Crossword clues for doublet
Longman Dictionary of Contemporary English
The Collaborative International Dictionary
Doublet \Doub"let\, n. [In sense 3, OF. doublet; in sense 4, F. doublet, dim. of double double. See Double, a.]
Two of the same kind; a pair; a couple.
(Print.) A word or words unintentionally doubled or set up a second time.
A close-fitting garment for men, covering the body from the neck to the waist or a little below. It was worn in Western Europe from the 15th to the 17th century.
(Lapidary Work) A counterfeit gem, composed of two pieces of crystal, with a color them, and thus giving the appearance of a naturally colored gem. Also, a piece of paste or glass covered by a veneer of real stone.
(Opt.) An arrangement of two lenses for a microscope, designed to correct spherical aberration and chromatic dispersion, thus rendering the image of an object more clear and distinct.
--W. H. Wollaston.
pl. (See No. 1.) Two dice, each of which, when thrown, has the same number of spots on the face lying uppermost; as, to throw doublets.
pl. [Cf. Pr. doblier, dobler draughtboard.] A game somewhat like backgammon.
One of two or more words in the same language derived by different courses from the same original from; as, crypt and grot are doublets; also, guard and ward; yard and garden; abridge and abbreviate, etc.
Douglas Harper's Etymology Dictionary
early 14c. as a type of men's garment, from Old French doublet (12c.), from diminutive of duble (see double (adj.)). From 1550s as "one of two things that are alike."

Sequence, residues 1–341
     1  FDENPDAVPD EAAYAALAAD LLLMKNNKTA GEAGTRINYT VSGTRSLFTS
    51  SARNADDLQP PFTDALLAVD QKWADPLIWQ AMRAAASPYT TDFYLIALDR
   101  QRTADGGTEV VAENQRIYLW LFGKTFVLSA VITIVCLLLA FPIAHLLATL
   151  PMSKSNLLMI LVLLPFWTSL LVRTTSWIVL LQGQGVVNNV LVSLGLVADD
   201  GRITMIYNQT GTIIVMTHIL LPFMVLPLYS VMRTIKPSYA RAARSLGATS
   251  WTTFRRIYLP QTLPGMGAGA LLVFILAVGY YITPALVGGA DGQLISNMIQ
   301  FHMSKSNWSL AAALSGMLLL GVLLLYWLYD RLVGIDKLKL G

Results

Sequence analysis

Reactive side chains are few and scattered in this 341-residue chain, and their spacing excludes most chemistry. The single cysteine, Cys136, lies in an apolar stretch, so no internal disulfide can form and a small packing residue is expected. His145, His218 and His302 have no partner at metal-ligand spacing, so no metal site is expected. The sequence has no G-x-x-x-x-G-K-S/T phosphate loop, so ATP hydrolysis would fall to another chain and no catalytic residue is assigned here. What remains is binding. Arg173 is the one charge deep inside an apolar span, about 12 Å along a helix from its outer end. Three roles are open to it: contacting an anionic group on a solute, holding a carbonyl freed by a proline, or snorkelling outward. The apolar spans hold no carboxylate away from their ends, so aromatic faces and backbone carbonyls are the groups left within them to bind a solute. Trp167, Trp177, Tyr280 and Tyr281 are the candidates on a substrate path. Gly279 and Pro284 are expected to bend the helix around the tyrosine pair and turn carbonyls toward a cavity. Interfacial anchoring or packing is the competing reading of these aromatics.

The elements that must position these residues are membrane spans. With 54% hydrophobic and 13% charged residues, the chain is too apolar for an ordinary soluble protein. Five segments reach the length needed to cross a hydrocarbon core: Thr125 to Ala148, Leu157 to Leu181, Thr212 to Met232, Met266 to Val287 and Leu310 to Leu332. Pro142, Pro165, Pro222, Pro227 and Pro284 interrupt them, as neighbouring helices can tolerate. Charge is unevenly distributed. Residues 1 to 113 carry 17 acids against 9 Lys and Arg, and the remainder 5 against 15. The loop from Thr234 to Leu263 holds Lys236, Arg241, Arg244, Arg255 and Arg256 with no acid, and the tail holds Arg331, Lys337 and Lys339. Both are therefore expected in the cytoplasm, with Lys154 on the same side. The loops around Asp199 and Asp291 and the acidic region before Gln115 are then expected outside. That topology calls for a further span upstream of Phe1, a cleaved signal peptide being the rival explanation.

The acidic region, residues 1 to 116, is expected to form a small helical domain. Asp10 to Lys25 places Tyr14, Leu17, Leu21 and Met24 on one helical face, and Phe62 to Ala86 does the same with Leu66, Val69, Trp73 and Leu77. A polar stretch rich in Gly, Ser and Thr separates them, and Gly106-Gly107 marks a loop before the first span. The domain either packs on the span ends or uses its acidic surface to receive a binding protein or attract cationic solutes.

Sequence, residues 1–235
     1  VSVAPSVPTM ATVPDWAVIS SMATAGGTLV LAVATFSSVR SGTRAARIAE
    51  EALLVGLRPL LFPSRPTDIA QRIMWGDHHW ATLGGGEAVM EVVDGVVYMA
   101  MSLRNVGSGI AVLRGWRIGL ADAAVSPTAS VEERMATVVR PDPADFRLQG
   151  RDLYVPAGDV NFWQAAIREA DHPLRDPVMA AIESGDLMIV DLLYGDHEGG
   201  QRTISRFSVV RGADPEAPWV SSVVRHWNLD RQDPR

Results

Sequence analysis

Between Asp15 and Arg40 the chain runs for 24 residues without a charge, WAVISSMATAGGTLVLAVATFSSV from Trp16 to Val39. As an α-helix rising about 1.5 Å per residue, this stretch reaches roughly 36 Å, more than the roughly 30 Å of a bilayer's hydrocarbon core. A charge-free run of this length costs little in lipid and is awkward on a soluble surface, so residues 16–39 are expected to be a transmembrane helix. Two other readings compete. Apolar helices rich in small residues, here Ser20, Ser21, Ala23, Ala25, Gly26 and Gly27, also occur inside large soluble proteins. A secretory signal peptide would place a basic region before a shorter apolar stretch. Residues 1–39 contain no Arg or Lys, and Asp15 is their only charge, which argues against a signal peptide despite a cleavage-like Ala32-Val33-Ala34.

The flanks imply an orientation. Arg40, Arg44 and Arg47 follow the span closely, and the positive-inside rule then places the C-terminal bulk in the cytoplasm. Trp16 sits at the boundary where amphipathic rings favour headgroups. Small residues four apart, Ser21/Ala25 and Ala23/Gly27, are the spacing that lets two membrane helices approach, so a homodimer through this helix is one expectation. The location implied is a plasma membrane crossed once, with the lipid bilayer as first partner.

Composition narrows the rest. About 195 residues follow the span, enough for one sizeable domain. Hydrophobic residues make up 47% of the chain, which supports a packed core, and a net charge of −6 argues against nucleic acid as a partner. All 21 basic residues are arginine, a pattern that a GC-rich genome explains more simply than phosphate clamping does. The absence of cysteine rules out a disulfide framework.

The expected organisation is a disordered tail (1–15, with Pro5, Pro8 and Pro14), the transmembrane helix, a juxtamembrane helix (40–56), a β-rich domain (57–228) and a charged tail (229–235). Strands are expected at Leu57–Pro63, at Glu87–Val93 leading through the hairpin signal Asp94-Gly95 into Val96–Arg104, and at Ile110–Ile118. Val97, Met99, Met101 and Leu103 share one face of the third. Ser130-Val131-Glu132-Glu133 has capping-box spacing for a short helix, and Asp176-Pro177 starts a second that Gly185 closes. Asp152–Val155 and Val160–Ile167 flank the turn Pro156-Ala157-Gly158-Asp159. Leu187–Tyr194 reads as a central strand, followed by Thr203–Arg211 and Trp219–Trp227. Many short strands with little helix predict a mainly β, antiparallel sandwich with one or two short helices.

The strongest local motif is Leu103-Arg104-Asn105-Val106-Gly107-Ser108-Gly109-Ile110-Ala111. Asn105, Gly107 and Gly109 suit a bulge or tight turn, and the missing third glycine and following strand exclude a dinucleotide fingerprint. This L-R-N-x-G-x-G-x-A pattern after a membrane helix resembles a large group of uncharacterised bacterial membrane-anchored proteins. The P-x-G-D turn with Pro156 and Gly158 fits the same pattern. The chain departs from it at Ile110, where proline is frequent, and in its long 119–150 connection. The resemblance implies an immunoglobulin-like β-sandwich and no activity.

n. 1 a man’s close-fitting jacket, with or without sleeves. Men in Europe wore doublets from the 1400s to the 1600s. 2 a pair of two similar or equal things; couple. 3 (context linguistics English) one of two or more different words in a language derived from the same origin but coming by different routes (e.g., ''toucher'' and ''toquer'' in French or ''yard'' and ''garden'' in English). 4 (context literature English) In textual criticism, two different narrative accounts of the same actual event. 5 (context lapidary English) An imitation gem made of two pieces of glass or crystal with a layer of color between them. 6 (context printing US English) A word or phrase set a second time by mistake. 7 (context quantum mechanics English) A quantum state of a system with a spin of 1/2, such that there are two allowed values of the spin component, -1/2 and +1/2. 8 (context computing English) A word (or rather, a halfword) consisting of two bytes 9 (context botany English) A very small flowering plant, '':w:Dimeresia howellii'' 10 A word ladder puzzle. 11 An arrangement of two lenses for a microscope, designed to correct spherical aberration and chromatic dispersion, thus rendering the image of an object more clear and distinct. 12 Either of two dice, each of which, when thrown, has the same number of spots on the face lying uppermost. 13 (context uncountable English) A game somewhat like backgammon.
n. a man's close-fitting jacket; worn during the Renaissance
Doublet may refer to:
- Doublet (clothing), a man's snug-fitting buttoned jacket that was worn from the late 14th century to the mid 17th century
- Doublet (Highland dress), a formal jacket worn with Scottish highland dress
- Doublet (lapidary), an assembled gem composed in two sections, such as a garnet overlaying green glass
- Doublet (lens), a type of lens, made up of two stacked layers with different refractive indices